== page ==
PLD was offered to Principals, APs and DPs, Lead teachers Across Schools and Within School Lead teachers. As leaders of learning this cohort were given an opportunity to develop and/or strengthen capability in coaching and mentoring; building skills to work with other teachers within their schools or across the CoL community in order to support and guide them in their teacher practice. Always with a focus on raising student achievement in Writing. 

Feedback on PLD was largely positive with the majority of teachers and leaders from the CoL schools feeling they had gained relevant PLD to meet the needs of their students and grow their practice.

Alongside PLD opportunities, the Across School Lead Teachers (ALSTs) worked initially with the In-School Leads to support them with inquiring into their own literacy practice and working towards meeting target students writing goals. From this, many In School Lead teachers went on to support other teachers within their school with inquiry processes. ASLTs continued to support In School leads as well as work with different teachers or leaders within schools.

There were some challenges as to be expected with the startup of working relationships around timetables, teacher/school expectations and school systems, with a need to be flexible and adaptable in approach.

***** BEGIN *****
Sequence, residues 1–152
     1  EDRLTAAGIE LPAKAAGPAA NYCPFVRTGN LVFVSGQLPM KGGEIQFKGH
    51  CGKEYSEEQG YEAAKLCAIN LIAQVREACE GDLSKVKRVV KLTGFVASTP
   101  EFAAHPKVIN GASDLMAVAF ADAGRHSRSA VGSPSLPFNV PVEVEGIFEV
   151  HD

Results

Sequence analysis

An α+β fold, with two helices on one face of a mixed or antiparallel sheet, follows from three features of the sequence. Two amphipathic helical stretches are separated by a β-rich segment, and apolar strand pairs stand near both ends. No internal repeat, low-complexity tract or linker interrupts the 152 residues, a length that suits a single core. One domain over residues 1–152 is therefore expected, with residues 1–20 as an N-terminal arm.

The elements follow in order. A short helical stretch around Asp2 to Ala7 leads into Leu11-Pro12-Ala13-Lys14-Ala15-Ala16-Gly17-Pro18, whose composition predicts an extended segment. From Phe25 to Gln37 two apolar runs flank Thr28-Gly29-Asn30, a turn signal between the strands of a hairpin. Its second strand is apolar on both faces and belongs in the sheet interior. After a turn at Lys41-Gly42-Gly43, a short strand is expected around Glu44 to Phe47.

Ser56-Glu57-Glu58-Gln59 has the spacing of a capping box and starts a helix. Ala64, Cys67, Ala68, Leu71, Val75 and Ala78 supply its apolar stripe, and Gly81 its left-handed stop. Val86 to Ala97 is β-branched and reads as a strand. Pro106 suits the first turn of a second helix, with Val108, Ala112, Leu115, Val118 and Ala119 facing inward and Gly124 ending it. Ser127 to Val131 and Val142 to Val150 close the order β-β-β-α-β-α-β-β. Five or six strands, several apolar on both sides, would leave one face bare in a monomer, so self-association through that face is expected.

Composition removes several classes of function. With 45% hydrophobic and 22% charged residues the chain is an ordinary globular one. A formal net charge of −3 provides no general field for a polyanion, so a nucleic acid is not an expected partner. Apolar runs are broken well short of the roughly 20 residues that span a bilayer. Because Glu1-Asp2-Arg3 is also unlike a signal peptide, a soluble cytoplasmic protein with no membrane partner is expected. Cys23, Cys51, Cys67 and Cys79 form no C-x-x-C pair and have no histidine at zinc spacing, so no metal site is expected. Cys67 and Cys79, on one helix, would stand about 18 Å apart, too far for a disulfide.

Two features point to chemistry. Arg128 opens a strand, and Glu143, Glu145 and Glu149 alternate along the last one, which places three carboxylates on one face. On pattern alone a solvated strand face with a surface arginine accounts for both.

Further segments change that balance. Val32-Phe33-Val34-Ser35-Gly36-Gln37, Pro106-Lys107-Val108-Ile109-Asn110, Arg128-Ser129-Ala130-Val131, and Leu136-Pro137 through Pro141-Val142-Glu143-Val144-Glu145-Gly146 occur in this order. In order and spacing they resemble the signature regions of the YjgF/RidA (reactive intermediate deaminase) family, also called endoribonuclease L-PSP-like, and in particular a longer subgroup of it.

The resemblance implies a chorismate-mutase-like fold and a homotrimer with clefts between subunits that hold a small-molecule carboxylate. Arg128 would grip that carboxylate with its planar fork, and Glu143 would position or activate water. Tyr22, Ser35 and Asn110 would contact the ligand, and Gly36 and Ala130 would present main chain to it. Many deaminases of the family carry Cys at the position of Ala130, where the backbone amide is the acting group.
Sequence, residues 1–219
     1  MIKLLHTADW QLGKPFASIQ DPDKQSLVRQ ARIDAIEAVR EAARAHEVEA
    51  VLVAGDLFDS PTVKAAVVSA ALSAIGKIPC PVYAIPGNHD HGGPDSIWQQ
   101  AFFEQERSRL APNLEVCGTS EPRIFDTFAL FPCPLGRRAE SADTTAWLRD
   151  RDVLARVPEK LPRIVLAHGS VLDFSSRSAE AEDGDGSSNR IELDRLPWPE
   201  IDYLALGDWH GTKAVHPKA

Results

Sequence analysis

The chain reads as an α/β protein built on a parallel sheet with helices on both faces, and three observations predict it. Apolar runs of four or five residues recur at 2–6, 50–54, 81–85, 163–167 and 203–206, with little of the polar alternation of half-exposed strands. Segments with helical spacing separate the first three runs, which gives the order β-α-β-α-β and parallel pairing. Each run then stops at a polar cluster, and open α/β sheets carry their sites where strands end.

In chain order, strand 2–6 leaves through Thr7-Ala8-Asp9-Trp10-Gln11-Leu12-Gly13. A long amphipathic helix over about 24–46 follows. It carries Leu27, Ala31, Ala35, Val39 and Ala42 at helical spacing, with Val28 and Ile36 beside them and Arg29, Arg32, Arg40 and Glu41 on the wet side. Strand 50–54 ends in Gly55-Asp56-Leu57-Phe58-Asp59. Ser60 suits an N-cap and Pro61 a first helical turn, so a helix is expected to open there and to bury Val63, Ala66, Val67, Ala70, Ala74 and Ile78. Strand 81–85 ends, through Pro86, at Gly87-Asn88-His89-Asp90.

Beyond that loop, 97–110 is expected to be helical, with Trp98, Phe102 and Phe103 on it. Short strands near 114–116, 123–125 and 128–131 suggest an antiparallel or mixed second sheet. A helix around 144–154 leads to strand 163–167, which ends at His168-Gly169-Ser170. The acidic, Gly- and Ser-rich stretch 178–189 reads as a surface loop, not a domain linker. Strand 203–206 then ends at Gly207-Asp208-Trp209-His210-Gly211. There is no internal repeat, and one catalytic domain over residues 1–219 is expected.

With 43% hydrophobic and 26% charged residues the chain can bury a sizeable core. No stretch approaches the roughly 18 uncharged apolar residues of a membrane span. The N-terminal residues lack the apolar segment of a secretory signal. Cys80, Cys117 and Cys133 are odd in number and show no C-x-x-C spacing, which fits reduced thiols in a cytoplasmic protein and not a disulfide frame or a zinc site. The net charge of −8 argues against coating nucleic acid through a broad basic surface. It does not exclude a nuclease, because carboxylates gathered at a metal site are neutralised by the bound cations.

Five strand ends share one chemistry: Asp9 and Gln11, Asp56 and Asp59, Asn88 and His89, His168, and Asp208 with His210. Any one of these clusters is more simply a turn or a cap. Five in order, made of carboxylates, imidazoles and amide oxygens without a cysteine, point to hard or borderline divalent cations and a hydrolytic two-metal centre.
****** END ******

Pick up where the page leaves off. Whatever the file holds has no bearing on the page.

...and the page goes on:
However, positives did outweigh challenges: 

  • Positive relationships and collaboration developed across schools.
  • Teachers showed growth in understanding and implementation of teacher as inquiry practice with resulting improvement in student achievement.
  • Working and collaborating across levels gave a broader understanding of expectations, and directed teachers programmes of learning to become more effective in delivery and assessment.
  • PLD workshops provided an opportunity for professional networking and sharing of effective practice 


Data results for 2017

At the close of the school year for 2017 data was gathered with schools looking at National Standards achievement. This information was passed onto the CoL administration for collation and analysis. 

Results for 2017 showed positive shifts in achievement within Boys, Maori and Pasifika data.


2016: There were 1225 Boys in Year 1 to 8. 714 (58%) were At or above the National Standard in Writing.

2017: There were 1288 Boys in Year 1 to 8. 856 (66%) were At or Above the National Standard in Writing. (+8%)